So, detecting the user’s language isn’t that much of a problem. At Chatlayer, we built our own NLP, and it’s quite advanced. So we’re really good at understanding the user and detecting the language that they’re speaking. Since we support over 100 languages, we’re really proud of it – it’s very inclusive and easy to use.

However, written language or spoken language is so much more than just the standard words. For example, shorthand abbreviations, emojis, cultural considerations – these all are different, depending on the users’ region. So understanding that, and responding correctly to that language that requires some expertise in some regional knowledge. That’s always a bit of a challenge or the difficult part of the multilingual chatbot.

Also, people can mix language which can confuse the bot & can confuse the language recognition. For instance, in Africa, people may mix English and Swahili in Kenya or French and Arabic in Algeria. So I usually solve or avoid confusion by just asking the user in what language they want to continue. In my opinion, that’s the best way to solve it.

What’s the funniest or most awkward thing that happened to you as a conversation designer?

One thing that comes straight to mind. During building one of my first bots – during my first week – I had to build a bot on Facebook messenger. It was like a FAQ bot, I think. While testing it, all of the sudden, it was saying things that I didn’t write or include. “Hi Tess, I know who you are”. Or, “We’re gonna take over the world, me and my bot friends”. And I was like, What is happening? What is happening?

So I messaged my manager, ‘the strangest thing is happening to me. I feel like I’m going crazy’? Then it turned out that he also had access to the Facebook page where the bot was living. So he could just write messages back to me, which I didn’t know then that was possible. So those were very confusing 10 minutes of my life…

Taking Turns 28 - Tess Tettelin talks UX and conversation design

What tips or advice you can have for people that want to move into conversation design?

For me, the best way to start is by just doing. Actually, that’s how I learn as well. So what I would advise people who are interested in conversation design, conversational AI? First, read a couple of articles, watch a couple of interviews like this one here, learn what are we doing. Then if that seems like something you would enjoy, start building your skills. Sign up to a bot building platform, get a free account. Out there, there’s a lot of platforms out there that offer trial accounts. Then, start building a bot.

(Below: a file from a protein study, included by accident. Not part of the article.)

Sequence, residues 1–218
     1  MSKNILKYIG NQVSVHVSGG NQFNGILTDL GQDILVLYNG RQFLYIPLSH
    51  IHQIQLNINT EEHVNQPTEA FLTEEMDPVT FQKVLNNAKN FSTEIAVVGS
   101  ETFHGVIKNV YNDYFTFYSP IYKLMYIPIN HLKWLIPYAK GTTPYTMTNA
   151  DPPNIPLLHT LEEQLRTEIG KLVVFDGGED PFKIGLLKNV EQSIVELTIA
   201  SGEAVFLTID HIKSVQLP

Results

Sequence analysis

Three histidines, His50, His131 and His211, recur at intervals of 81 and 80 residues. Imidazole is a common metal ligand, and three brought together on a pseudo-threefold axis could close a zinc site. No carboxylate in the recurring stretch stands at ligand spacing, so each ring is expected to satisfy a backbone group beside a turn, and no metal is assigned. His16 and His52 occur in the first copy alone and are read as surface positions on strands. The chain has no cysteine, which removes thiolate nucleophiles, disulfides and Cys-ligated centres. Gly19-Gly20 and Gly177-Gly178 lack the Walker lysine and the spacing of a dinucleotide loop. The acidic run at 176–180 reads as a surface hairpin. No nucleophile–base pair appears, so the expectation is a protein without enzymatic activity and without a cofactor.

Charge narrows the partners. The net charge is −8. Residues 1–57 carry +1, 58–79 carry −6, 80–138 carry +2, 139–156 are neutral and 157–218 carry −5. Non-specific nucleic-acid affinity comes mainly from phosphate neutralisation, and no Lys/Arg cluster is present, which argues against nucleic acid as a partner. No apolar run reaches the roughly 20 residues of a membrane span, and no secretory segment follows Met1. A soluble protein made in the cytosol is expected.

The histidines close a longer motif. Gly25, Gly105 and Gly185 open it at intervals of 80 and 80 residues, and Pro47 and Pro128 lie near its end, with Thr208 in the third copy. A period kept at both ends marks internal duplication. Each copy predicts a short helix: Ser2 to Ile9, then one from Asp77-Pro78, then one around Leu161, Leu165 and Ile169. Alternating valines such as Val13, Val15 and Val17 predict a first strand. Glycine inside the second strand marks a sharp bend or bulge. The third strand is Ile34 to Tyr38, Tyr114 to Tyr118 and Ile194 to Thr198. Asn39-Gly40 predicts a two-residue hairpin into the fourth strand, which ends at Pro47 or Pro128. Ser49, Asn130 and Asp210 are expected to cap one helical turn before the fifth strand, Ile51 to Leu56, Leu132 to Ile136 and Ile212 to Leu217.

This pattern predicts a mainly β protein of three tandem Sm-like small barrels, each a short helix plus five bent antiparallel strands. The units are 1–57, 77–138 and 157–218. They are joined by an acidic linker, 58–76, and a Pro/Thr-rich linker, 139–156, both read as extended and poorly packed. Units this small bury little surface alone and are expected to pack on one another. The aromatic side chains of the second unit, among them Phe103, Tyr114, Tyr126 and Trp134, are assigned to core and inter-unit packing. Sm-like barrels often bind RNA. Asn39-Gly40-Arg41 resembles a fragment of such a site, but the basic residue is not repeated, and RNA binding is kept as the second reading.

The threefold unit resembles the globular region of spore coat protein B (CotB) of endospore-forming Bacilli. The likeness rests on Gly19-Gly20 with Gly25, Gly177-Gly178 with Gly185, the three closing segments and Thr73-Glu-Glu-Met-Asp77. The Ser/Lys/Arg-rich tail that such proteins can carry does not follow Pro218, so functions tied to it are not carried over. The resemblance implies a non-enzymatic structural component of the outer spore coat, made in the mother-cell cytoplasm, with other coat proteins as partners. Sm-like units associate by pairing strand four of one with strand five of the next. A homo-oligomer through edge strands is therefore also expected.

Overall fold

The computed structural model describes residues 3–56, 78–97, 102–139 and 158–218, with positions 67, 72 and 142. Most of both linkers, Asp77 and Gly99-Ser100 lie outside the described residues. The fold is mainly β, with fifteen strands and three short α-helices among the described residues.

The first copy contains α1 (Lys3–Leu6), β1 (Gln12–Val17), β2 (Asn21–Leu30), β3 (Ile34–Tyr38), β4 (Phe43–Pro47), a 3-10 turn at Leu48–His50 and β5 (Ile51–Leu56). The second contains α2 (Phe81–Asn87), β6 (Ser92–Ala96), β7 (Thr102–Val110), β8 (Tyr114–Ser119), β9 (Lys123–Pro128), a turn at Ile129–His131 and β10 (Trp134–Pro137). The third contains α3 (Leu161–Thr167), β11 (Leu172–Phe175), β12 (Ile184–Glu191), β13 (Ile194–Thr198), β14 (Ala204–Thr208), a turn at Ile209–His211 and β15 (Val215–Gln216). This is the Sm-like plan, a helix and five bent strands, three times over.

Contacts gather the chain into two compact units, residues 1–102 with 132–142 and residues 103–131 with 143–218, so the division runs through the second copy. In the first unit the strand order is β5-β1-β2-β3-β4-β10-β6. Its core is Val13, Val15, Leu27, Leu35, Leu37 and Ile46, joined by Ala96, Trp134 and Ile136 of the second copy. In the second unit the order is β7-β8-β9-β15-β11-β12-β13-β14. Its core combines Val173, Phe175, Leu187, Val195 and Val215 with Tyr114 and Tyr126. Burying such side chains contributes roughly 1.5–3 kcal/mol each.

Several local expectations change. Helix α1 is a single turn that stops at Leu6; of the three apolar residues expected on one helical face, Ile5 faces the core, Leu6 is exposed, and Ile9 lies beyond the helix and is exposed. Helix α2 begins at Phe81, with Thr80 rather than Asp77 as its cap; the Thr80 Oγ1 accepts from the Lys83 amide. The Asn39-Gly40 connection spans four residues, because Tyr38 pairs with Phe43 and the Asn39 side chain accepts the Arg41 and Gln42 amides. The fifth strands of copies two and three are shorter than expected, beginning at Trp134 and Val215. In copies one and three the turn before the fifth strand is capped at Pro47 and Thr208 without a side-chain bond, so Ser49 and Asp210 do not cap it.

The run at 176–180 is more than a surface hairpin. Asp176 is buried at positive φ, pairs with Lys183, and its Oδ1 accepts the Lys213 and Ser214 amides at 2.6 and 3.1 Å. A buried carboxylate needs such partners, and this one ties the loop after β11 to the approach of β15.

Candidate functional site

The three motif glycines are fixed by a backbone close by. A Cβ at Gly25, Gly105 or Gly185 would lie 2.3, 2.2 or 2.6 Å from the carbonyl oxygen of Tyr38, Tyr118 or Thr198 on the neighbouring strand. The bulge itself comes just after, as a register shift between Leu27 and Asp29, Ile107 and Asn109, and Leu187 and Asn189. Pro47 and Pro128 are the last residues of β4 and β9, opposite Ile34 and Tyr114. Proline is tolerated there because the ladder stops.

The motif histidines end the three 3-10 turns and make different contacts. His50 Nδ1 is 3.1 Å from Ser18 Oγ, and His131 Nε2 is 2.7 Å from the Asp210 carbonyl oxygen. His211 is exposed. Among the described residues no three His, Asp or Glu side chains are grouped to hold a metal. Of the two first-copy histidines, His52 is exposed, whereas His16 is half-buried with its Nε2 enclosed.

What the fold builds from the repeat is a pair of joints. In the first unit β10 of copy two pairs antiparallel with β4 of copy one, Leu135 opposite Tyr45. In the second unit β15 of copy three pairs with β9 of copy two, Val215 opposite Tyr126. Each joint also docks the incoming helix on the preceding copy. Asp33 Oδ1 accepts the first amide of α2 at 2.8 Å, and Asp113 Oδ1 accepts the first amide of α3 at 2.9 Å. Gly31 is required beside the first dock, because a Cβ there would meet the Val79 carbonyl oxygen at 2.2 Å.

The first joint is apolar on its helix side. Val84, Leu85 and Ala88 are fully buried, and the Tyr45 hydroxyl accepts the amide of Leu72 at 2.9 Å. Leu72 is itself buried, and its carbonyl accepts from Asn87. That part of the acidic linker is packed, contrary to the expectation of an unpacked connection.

For example, give yourself a fictional brief – like a bot that can place online orders – and just start building that. Then I think you’re going to encounter things that you need to solve, and to Google a bit more. After that, you’re going to train yourself, that’s the best way to do it. Once your bot is done, don’t be afraid to reach out to someone from within the conversation design community. Ask them to review the bot and just give you some pointers and tips. I’m always very happy to do that.

Tell us a bit about, and about your role there.

So, Chatlayer is a very fun company based in beautiful Antwerp, Belgium. Basically we offer an easy to use, no coding bot-building platform where literally anyone can build AI-powered Voice and Chat bots. Our clients come from all industries, they’re not just developers or expert bot builders. Also, we see a lot of business people just building bots on the platform because it is so easy to use. Since they’re the ones who know their customers best – to us, it makes total sense that they’re also the ones building the bot.

In 2020, we became a product within Sinch, a global leader in personalized mobile engagement. Then, the cool thing about being part of Sinch is that we can offer a lot of channels and integrate very easily with the Sinch portfolio. They have a huge global network. So with just a few clicks, our clients can connect bots to multiple channels like Facebook Messenger, WhatsApp, SMS. And you can also build a multilingual chatbot. So you build in one language, and in few clicks, you can activate it in any language that you want. It’s a great way to create a multilingual chatbot, and it’s really good to have that support in that network as well.

As a conversation designer, I help the product team build an amazing platform that suits our customers’ wants and needs. Also I review client-built bots, and I often teach workshops and trainings. Besides that, I build bots for bigger, more commercial campaigns like the one unread Then, I also consult on bot building whenever needed. Finally, I get to do fun interviews like this one.

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Now for the Lorena Restrepo honorary question – Give us one forecast for the future of Conversational AI.

Eventually, we’ll see an increasing expansion of conversational AI from voice and text to rich media and multimodal interactions. Hence, conversational assistants cannot just hear but can also see and maybe give information to the user, by combining visual media with voice and text. Later, in the long term, the boundary between a phone call and a digital interaction will blur. Thus, customers can interact with the brand the way they want to – phone, Whatsapp, etc. It’d be a channel-less, connected journey throughout one session, across multiple channels.

Also, robots will become more and more human-like. An interesting woman to watch in this space is Cynthia Breazeal. She’s a pioneer of social robotics and human-robot interaction, and she made a robot called Jibo, a household robot companion. Nowadays, they’re investigating whether robots like Jibo can actually help improve mental health and well-being by just providing companionship.

Actually that can be the future of AI – just finding ways to use robots and virtual programs to help support us people.